Not able to resist having a holiday between my work shifts, we were at it again. Our original intention was to meet up somewhere with Kathi and Shannon and so I’d done a search on Mountain Project for climbing spots within a few hours of us and landed at Table Mountain. Astoundingly when I searched for camping options, after having read on Mountain Project that there is NO camping nearby, I found a recreation area on New Melones (Mel-oh-knees) Lake, only a ten minute drive from the crag.
I was keen to get some climbing in on our first day at Table Mountain but Dan had different ideas and soon convinced me. He’d just bought a baby fridge that was to be converted into a Kegarator and so his morning was occupied with that. I packed and when I was done, started cleaning the house, waiting (im)patiently to get on the road. Around 11am, we were out.
We were heading to Sonora – the place we’d last camped at that Walmart – but this time we were going out to its scenic side, not the highway stop. As soon as we were out of the Bay Area, I was on the beers. We weren’t climbing today, at most we’d scope the place out, so I transitioned into chill mode.
We stopped in the town of Sonora to visit Sierra Nevada Adventure Company. It was the first time for both of us in the historic town and it was a lovely spot. You could just imagine the horses and carts treading down the main street kicking dust up on the wooden store fronts. We parked, found our shop and the Sonora Pass climbing guide we were looking for. Having got to chatting with the shop owner (very easy to talk to), Dan walked out with a new disc golf disc and we found out about the new course situated near the camp we were going to.
Not far out of Sonora, we drove on to New Melones Lake. We were in the country now, with farms extending into the hills, all of them freshly yellow with the onset of Summer. It was perfect weather – full sun but not too hot. We wondered how we ever crossed over to Arizona in June.
We drove into Tuttletown Recreation Area armed with a campsite reservation (strange, I know) and straight past the deserted entrance hut. Desperate for some lunch, we drove straight past the Acorn campground turn off to find some water and a spot to sit. We tried out a picnic area but that was way too far above the lake to be interesting so we carried on to the boat ramp. Yes, this would do just fine.
Dan put our chairs out by the van as I made sandwiches and we both started soaking in that holiday feeling with the heat of the sun. We watched a few boats jet across the low-level blue water as we ate then walked down the boat ramp to dip our feet in over one of the two jetties. It wasn’t quite hot enough to justify a swim and so the three of us sat and watched the world go by, even got to spectate a couple of boat landings on the ramp behind us. We speculated where Table Mountain might be, trying to spot any crag-type cliffs.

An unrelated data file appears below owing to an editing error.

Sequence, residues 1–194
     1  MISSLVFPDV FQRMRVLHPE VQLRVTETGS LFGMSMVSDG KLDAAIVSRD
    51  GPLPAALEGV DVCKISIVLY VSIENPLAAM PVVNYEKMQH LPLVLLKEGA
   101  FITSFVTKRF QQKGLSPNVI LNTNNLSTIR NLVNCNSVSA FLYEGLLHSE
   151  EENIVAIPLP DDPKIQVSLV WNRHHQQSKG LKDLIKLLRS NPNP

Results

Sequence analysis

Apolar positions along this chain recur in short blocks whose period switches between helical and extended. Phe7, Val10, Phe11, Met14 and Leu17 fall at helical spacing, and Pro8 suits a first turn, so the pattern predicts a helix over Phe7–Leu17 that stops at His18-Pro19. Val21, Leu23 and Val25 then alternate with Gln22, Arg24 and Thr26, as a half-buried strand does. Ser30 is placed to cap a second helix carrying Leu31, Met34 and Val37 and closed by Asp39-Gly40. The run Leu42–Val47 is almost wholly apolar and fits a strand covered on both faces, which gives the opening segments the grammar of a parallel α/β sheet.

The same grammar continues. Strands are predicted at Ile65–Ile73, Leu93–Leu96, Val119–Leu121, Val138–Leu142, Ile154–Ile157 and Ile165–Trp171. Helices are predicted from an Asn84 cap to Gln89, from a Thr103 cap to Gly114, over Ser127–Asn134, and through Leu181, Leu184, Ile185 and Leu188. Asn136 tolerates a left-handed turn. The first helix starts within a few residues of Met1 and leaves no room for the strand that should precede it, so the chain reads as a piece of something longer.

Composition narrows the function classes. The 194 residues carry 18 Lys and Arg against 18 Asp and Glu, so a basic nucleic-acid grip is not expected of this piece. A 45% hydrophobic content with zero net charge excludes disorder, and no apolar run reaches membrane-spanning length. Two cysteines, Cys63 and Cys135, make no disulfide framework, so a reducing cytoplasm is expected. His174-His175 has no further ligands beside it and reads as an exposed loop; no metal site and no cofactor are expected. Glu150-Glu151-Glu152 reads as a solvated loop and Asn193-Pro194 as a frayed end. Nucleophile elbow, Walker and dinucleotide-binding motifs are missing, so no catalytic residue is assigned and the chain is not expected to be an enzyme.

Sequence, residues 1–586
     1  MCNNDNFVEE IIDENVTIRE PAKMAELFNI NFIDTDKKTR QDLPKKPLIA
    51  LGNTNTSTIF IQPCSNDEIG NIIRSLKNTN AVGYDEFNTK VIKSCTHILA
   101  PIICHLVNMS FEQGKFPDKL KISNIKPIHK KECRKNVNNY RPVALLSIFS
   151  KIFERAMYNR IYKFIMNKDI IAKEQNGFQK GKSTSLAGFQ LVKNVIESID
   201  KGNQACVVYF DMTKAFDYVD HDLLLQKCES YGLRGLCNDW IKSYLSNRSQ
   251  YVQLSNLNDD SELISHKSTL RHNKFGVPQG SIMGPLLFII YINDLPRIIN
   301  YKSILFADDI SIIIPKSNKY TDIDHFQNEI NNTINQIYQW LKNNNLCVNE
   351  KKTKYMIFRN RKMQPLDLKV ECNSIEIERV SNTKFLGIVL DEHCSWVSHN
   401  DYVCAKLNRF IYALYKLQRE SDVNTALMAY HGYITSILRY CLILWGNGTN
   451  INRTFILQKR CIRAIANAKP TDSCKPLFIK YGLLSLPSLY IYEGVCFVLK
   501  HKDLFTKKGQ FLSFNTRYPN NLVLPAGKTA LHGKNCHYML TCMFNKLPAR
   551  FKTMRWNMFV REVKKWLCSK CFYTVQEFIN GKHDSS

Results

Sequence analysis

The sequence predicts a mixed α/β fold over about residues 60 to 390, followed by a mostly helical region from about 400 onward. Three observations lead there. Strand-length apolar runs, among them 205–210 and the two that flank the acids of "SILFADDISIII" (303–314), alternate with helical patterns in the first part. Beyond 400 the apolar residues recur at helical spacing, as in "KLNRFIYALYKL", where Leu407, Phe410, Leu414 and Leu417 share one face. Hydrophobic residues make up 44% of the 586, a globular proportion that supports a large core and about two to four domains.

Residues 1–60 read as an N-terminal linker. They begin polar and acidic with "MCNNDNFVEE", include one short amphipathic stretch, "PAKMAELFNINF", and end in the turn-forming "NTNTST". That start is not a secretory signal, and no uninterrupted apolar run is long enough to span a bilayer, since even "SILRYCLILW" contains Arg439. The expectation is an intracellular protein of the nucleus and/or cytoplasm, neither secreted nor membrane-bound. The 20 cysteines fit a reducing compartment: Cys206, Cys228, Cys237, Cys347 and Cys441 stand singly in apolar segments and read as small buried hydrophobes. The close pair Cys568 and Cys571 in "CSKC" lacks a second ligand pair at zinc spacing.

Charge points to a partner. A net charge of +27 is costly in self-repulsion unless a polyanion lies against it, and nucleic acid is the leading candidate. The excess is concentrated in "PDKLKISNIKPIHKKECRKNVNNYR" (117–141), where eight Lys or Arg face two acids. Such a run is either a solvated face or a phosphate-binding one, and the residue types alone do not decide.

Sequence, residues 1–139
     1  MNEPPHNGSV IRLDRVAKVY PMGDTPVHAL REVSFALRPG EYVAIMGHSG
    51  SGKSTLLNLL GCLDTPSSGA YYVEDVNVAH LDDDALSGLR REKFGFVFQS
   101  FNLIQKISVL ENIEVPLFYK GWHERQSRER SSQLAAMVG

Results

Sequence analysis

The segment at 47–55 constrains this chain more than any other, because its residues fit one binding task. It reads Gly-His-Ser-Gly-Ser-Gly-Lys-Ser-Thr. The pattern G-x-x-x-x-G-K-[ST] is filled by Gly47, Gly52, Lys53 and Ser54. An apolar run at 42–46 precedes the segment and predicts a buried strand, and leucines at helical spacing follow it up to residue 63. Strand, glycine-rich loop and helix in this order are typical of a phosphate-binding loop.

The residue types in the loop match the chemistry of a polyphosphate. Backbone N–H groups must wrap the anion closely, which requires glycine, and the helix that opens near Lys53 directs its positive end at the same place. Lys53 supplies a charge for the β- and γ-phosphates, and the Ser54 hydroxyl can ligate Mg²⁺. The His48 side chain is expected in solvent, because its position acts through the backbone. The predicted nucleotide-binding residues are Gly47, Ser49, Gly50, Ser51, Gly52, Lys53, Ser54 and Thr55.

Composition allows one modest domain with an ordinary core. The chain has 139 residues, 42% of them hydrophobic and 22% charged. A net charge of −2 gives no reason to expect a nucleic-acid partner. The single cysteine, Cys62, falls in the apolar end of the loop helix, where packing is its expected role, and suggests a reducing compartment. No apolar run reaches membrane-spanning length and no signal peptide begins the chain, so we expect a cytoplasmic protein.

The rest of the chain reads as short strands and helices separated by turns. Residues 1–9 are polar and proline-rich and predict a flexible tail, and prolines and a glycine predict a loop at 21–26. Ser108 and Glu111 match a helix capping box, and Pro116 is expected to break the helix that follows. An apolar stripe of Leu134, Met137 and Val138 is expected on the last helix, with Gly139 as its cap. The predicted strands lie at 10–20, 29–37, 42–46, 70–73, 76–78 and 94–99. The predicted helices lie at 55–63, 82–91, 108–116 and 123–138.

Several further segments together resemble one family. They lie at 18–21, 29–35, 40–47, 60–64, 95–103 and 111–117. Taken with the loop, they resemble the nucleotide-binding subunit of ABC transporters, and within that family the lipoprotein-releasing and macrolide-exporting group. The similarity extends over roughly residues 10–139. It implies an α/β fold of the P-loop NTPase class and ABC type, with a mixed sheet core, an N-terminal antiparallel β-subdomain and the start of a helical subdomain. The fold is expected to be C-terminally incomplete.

Time to check out our campsite, we packed it up and drove back up to Acorn, the only campground open of three in this area (I assume COVID, but who knows). I never book campsites and so when I was looking online a few days ago, I was meticulous in my site choosing. Smart me, of the 69 sites, I chose site 68 because it looked closest to the water and the most isolated. Well, the campground was pretty much empty except for the cluster of sites around site 68 because they were all close to the water and isolated!
When we pulled up to site 68 we discovered another couple in our spot about halfway done setting up. As I got out to get our reservation tags off the site post, the girl said to her boyfriend that they must have stuffed up because they were in our site. Not to worry, I told them, we were happy to go off and find a different spot since the place was so empty. Before we left to go find out spot, the boyfriend asked if we knew somewhere to swim and so I directed them to the boat ramp (ever the tour guide!). Dan was uncomfortable with whole situation. We were used to camping out in the wilderness with nobody even within earshot, let along within eyesight but we settled in at site 60, a very comfortable spot equipped with a fire ring and picnic table (standard issue obviously, but for us it was a highlight). With nothing much to set up, after we’d got out the hammock and chairs, it was beer and reading time. Cleo promptly found her spot underneath the picnic table.
Restless me, towards the end of the afternoon, I was keen for some activity so we wandered along the trail that ran just beneath our camp. We thought we had a chance of getting down to the water but the hill was steep and the scrub thick so we stayed on trail.
I collected flowers as we went to act as a centerpiece for our picnic table and we were soon back in our chairs drinking some more.